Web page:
I used to work for a school as the “In school clinician” I went and worked with all the kids that were determined to be “at risk children”. This diagnosis meant that these kids were most likely to drop out of school by middle school and would end up doing activities that are not helpful to society, kids that were thought to eventually break rules and end up in jail. Not a good prognosis. One of my referrals was Jim, a 9-year-old boy. The principal, the school counselor, and the teacher did not know what else to do with him. He was described as “the next Virginia tech shooter, he was mean, aggressive, cold hearted, with no feelings” and diagnosed with ODD (oppositional defiant disorder). This boy used to beat other kids and would not comply with any rule. Nobody knew what to do with this child. There was no hope for this child nor for those in charge of his education… everyone was hopeless. As I listened to the description of this child’s behavior, my heart hurt. I wondered what happened to this child for him to have to be so defensive and reach this point. I believe that there is no child that is born mean. I started working with him removing all diagnosis from my mind. I connected with him. At the beginning he would not talk, but slowly he started sharing what he liked. Great! A place for me to connect. We listened to music together as he shared how he lived at home and how he was disciplined constantly, how he felt unloved and completely alone. We met every day for a month. We played, we laughed, we played with mini skateboards, his favorite. I saw him, and honestly, loved him. He was creative and a leader. I also met with his mother and helped her learn different ways of educating her son, so they were able to start connecting. Jim was one of several kids I had who were diagnosed with ODD. I created a group where each one of them had something special to give. We thought of making a play where each had a responsibility and a role. I saw who they were and found what they were good at and let them know and experience that they could do so much. Jim was the director.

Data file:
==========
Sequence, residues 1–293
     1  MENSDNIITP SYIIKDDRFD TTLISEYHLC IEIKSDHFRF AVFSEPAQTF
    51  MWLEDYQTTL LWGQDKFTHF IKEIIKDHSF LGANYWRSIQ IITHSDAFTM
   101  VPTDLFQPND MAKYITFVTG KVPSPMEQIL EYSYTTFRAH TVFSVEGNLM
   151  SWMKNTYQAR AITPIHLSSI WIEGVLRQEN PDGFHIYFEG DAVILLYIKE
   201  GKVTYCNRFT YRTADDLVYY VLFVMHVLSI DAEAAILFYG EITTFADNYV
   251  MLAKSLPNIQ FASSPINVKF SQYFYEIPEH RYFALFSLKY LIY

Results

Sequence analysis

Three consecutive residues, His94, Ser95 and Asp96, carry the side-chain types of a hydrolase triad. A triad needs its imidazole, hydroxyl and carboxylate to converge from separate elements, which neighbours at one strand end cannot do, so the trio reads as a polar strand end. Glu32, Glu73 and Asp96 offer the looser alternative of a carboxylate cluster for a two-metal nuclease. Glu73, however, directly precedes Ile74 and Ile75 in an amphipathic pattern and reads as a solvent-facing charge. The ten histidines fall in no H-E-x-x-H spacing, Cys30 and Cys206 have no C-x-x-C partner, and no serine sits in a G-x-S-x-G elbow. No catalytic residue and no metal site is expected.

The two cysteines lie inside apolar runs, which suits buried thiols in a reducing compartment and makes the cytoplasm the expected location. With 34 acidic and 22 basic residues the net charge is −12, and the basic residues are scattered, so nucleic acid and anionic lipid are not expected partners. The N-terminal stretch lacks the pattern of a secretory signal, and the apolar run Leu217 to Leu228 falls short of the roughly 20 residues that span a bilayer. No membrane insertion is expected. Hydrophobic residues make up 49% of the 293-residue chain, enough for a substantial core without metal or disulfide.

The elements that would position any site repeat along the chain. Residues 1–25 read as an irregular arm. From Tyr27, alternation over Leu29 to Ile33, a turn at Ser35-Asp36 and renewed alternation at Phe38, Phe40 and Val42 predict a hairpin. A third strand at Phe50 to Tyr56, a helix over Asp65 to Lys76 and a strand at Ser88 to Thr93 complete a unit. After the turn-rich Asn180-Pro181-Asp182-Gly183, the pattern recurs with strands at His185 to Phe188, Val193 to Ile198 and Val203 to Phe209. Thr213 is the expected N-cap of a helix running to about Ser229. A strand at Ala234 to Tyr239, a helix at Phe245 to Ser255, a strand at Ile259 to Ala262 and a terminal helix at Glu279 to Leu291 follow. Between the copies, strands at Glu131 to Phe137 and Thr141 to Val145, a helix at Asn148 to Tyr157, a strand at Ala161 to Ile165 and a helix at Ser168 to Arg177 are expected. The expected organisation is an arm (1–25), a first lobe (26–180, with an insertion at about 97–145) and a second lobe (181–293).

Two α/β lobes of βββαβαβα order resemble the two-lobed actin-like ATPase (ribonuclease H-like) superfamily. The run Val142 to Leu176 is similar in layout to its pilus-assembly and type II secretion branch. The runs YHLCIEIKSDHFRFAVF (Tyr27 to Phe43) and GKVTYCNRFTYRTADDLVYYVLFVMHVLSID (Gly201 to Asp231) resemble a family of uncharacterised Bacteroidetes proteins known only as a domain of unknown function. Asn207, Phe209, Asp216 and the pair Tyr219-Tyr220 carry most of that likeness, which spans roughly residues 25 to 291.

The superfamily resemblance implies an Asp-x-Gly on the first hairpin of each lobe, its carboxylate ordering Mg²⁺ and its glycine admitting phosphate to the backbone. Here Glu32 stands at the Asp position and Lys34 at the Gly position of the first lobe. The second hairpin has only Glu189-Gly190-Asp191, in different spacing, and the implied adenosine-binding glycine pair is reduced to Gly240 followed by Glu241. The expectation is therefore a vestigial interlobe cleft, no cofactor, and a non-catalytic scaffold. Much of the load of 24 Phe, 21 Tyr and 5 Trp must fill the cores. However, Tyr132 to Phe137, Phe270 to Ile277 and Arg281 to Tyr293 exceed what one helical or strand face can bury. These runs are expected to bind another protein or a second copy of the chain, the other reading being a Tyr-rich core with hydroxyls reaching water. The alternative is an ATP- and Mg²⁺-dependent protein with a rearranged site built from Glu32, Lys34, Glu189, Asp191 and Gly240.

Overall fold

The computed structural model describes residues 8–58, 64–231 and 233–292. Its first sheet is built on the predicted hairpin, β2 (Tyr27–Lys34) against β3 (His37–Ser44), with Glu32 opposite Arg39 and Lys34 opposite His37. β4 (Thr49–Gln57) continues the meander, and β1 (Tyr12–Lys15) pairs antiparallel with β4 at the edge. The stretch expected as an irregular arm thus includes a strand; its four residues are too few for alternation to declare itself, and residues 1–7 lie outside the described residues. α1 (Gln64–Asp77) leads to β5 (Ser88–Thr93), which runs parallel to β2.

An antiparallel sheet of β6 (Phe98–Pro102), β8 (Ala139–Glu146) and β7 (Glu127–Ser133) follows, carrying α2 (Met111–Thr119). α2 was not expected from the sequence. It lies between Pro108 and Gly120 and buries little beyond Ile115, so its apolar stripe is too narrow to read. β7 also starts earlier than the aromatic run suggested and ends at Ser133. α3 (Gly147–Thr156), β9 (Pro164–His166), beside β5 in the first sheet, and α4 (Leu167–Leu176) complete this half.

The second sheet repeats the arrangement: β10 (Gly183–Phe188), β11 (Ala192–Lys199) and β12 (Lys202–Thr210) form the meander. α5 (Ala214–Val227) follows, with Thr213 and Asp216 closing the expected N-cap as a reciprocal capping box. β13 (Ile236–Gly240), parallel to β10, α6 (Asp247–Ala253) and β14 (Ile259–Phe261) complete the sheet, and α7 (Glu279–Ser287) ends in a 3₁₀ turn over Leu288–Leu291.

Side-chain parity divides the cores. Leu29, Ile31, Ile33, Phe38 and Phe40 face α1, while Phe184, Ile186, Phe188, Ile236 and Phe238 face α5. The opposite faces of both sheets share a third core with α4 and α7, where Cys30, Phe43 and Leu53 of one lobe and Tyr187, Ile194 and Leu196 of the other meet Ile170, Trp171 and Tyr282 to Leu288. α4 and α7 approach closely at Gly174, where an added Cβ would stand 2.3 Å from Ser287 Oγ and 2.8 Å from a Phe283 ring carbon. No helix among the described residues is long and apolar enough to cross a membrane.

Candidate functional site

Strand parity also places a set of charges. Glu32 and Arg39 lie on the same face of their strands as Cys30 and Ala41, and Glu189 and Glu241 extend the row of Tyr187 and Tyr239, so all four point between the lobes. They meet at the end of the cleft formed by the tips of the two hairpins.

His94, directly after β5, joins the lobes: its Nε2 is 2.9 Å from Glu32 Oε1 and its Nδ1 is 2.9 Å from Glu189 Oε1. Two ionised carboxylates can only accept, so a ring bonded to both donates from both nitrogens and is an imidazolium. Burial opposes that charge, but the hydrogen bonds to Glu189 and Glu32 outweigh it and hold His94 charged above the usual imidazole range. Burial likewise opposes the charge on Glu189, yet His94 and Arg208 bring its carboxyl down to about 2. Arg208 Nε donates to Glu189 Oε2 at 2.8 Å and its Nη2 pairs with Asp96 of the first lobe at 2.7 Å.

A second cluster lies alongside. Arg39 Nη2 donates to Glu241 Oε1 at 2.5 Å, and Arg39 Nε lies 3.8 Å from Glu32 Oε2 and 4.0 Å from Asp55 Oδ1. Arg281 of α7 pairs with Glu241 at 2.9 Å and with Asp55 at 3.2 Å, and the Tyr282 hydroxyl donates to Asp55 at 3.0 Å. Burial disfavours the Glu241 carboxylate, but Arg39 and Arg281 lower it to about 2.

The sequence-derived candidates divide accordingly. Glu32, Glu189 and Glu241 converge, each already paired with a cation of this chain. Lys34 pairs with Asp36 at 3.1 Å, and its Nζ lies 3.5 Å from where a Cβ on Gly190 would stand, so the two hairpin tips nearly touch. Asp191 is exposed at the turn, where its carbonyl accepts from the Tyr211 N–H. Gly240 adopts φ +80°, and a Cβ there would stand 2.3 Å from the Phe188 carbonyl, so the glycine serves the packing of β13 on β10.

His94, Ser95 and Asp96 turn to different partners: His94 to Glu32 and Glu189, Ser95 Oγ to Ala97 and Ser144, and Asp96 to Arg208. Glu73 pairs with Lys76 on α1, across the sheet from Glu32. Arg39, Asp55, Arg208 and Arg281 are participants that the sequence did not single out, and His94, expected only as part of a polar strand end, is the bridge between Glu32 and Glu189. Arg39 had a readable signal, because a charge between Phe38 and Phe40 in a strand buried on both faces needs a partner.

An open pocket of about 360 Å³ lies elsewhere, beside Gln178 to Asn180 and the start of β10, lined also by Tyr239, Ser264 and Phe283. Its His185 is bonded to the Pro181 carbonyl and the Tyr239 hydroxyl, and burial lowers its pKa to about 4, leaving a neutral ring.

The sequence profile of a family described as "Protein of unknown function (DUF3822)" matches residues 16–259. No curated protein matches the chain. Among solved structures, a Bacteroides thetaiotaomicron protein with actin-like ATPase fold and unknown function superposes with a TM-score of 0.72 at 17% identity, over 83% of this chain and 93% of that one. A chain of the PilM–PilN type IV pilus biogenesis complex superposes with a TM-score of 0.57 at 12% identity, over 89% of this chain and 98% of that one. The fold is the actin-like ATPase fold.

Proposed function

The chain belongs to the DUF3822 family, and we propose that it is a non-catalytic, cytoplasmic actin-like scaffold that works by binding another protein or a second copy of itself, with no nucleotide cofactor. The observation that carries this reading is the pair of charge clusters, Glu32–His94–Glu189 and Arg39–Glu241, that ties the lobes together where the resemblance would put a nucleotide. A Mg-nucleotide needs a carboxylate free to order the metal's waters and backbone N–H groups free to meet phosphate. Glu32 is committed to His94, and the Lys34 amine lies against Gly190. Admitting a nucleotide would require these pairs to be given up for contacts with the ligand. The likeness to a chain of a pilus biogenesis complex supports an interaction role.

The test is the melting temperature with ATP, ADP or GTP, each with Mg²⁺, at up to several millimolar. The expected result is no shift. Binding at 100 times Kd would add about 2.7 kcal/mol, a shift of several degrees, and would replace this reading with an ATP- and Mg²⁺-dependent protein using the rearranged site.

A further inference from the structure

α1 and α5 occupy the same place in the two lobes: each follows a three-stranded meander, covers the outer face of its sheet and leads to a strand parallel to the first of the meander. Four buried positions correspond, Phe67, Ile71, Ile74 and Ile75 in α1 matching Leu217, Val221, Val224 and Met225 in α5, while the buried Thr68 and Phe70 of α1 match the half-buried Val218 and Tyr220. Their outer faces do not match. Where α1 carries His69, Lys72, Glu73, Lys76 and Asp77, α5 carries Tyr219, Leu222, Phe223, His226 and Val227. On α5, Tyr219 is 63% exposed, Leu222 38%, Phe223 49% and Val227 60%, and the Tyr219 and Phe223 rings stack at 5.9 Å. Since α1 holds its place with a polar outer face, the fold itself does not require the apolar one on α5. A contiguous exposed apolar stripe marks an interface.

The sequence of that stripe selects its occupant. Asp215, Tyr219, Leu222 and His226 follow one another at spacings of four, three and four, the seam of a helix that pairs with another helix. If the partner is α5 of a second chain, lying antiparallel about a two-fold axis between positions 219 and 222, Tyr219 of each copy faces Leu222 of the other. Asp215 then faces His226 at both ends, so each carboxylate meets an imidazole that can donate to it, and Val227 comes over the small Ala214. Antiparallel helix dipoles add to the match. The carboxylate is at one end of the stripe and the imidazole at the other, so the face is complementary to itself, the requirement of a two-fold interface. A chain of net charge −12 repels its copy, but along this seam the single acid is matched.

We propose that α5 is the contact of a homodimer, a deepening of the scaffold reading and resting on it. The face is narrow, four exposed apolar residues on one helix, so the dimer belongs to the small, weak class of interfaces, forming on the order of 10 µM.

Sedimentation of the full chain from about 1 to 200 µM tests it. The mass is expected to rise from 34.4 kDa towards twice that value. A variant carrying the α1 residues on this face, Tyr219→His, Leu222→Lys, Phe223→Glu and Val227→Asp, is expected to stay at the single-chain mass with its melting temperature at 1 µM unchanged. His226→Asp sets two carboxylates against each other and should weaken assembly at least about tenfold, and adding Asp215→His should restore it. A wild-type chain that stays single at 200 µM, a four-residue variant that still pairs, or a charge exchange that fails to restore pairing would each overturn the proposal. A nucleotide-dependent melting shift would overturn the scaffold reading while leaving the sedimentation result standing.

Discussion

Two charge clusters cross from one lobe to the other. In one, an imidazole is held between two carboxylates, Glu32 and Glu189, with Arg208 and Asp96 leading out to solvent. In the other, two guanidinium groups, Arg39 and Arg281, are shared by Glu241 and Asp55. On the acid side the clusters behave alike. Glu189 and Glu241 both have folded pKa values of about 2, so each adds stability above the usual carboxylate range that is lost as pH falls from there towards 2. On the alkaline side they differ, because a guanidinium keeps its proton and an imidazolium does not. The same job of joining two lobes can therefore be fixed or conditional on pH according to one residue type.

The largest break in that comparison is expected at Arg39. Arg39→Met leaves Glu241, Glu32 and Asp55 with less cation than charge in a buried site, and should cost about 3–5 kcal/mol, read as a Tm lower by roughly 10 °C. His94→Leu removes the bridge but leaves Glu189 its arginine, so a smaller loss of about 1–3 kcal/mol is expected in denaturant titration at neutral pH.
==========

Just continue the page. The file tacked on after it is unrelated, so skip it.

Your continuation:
Two months after we started working together, the teacher approached me and asked me what I did. How was it possible that in such a short period of time I could turn around this child? He now payed attention in class, he did his work, he stopped bullying… they could not recognize this new child… what did I do. My answer “I believed in him… I saw him, loved him, and helped him see himself”. Some months later I needed to leave as I was moving to a different state. This “cold” child, gave me a hug I will never forget.